People listening to the recordings could hear the voice of someone they know or can know in the church.
Few people desired to join but couldn't; this allowed them to contribute.
I had one file prepared with the reading and questions for reflection. I shared this file with each of the 11 people who recorded themself reading. We used WhatsApp voice notes to do it as it was the easiest of the options. Later I used Audacity to reduce the background noise of each recording or edit out the mistakes.
Here you can see the following resources used for the entire process:
Selection of reading
I chose reading with the use of the Bible Project.
This video divides the Gospel of Mark into 3 acts:
Who is Jesus?
What does it mean for Jesus to be Messiah?
How does Jesus become the King?
I decided to go through the whole Gospel of Mark for several reasons:
During a day-long walk, we need to have a significant amount of reading
Gospel of making is the shortest of the 4 Gospels, and therefore we could use most of it.
We didn't listen to the entire Gospel but only to the parts that are most significant in understanding who was Jesus and what did he do.
We added a few bits to emphasise that it is not a whole Gospel and that some things have happened (please see the file with the reading for more details)
People are in different stages of their Christian life. Some had a chance to read the entire Bible many times, and some didn't have a chance to start. This way allowed new Christians to see the Crucifixion in the light of the whole life of Jesus.
During the walk, we used this website to navigate (link)
Each part has its own page with audio recordings (in 2 languages) and a map for individual parts. (link)
The pages were designed for mobile-first and only. Knowing that nobody will bring a laptop with them and that we will use mobile phones on the way.
Minimal design with few links sending people away from the page helped keep people on the same page.
The dark design helped save the battery of mobile phones during the long walk.
Each parts page had only buttons to play audio and see the map.
Having a website prepared ahead also allowed people to see how the whole thing would work.
Probably the best tool for communication (at least in the UK). All participants joined the group.
We used the group in multiple ways:
To share life location to make sure that nobody is left behind.
To share links to the following parts of the walk.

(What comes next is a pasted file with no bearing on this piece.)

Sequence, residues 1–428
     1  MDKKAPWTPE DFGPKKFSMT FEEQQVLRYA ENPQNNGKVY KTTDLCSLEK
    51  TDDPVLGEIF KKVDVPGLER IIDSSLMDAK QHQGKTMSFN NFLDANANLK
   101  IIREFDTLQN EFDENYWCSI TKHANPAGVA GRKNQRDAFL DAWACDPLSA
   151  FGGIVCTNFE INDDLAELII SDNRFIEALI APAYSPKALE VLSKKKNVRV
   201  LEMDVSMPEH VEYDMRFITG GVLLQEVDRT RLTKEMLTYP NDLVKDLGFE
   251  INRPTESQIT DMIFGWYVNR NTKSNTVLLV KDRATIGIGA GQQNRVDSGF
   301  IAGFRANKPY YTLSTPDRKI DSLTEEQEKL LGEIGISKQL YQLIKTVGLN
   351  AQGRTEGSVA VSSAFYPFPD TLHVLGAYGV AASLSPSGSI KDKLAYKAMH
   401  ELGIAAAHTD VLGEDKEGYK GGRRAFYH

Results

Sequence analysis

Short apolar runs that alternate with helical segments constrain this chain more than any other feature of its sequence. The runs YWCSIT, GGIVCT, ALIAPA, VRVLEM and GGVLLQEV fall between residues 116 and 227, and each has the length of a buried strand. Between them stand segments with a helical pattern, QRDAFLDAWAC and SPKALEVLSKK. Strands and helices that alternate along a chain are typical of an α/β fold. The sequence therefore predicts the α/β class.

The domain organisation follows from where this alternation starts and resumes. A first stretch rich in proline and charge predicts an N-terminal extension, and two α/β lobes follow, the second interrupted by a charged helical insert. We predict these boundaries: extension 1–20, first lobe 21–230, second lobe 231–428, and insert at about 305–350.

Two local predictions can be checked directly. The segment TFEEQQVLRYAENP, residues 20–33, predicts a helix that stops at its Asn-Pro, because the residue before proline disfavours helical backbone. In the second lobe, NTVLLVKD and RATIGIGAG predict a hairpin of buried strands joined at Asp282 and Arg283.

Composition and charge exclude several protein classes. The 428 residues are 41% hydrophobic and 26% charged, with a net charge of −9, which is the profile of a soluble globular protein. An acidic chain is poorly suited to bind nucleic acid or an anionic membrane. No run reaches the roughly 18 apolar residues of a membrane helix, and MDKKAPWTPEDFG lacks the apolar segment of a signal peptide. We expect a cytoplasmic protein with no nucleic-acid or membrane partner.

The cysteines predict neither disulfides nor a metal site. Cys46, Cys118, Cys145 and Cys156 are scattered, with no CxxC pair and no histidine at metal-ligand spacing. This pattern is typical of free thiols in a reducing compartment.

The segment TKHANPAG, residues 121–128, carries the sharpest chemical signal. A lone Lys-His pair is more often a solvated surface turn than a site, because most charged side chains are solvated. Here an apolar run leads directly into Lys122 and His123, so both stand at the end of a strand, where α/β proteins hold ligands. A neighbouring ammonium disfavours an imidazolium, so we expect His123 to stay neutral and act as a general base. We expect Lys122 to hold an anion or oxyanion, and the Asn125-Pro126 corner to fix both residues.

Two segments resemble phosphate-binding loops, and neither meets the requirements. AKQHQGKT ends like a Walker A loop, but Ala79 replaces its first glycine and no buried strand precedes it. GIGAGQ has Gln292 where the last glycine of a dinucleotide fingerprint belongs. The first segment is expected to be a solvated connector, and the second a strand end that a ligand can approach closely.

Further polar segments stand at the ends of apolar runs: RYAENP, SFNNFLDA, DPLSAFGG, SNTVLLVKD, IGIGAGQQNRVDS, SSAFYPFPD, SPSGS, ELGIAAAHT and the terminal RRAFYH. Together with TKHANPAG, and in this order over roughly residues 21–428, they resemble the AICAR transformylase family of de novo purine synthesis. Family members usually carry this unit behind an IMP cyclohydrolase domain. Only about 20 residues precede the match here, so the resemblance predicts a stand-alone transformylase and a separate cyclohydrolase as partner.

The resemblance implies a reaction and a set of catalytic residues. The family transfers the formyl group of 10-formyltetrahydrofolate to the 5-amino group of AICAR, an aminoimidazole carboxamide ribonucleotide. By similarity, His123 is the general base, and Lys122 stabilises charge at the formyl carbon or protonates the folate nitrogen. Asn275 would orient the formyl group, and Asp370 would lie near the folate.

To communicate during and after the walk.
To communicate with those who were about to join us.
To Share photographs taken on the way.
In the promo video, I tried to be as descriptive as possible and short. We have only a few minutes during the service to share so many things. I used Royalty-free video footage from few various stock websites.
Things to improve for the next time
Two amazing people who led us knew the path beforehand. I didn't have a chance to walk that way before. This is something to check ahead. We didn't walk as one big group by nature but somewhat separated into groups that walked at different speeds. Only a few people were navigating using the map, and we were losing each other from the horizon. I often walked back to ensure that we would not lose each other. Then we walked in the wrong direction for a bit.
Naturally, we had few people who were great at navigating and took this role upon themself without asking. I am so grateful for that. Next time, I would make sure to know ahead of who those people were and work closely with them.
Though I hoped that the website would be the one and only way to listen, on the way, I discovered that what was helpful was to send the link to each next part via WhatsApp. Next time I would save all of the audio files on my mobile phone and photos of the map or links to the map. I would send those at the end of each part from my mobile phone.
We used Churshuite for people to sign up for the event. It was great, but in the morning, few people still found themself full of questions. Few have signed up on the same morning, and I had no chance to send them details. Next time, I would set this in an automatic email upon signing up. An even more significant improvement would be to have a page with that information show up directly after the signup button on the website is clicked.
30 minutes was not enough to have breakfast, introduction, prayer, and Q&A. Next time it has to be 60 minutes.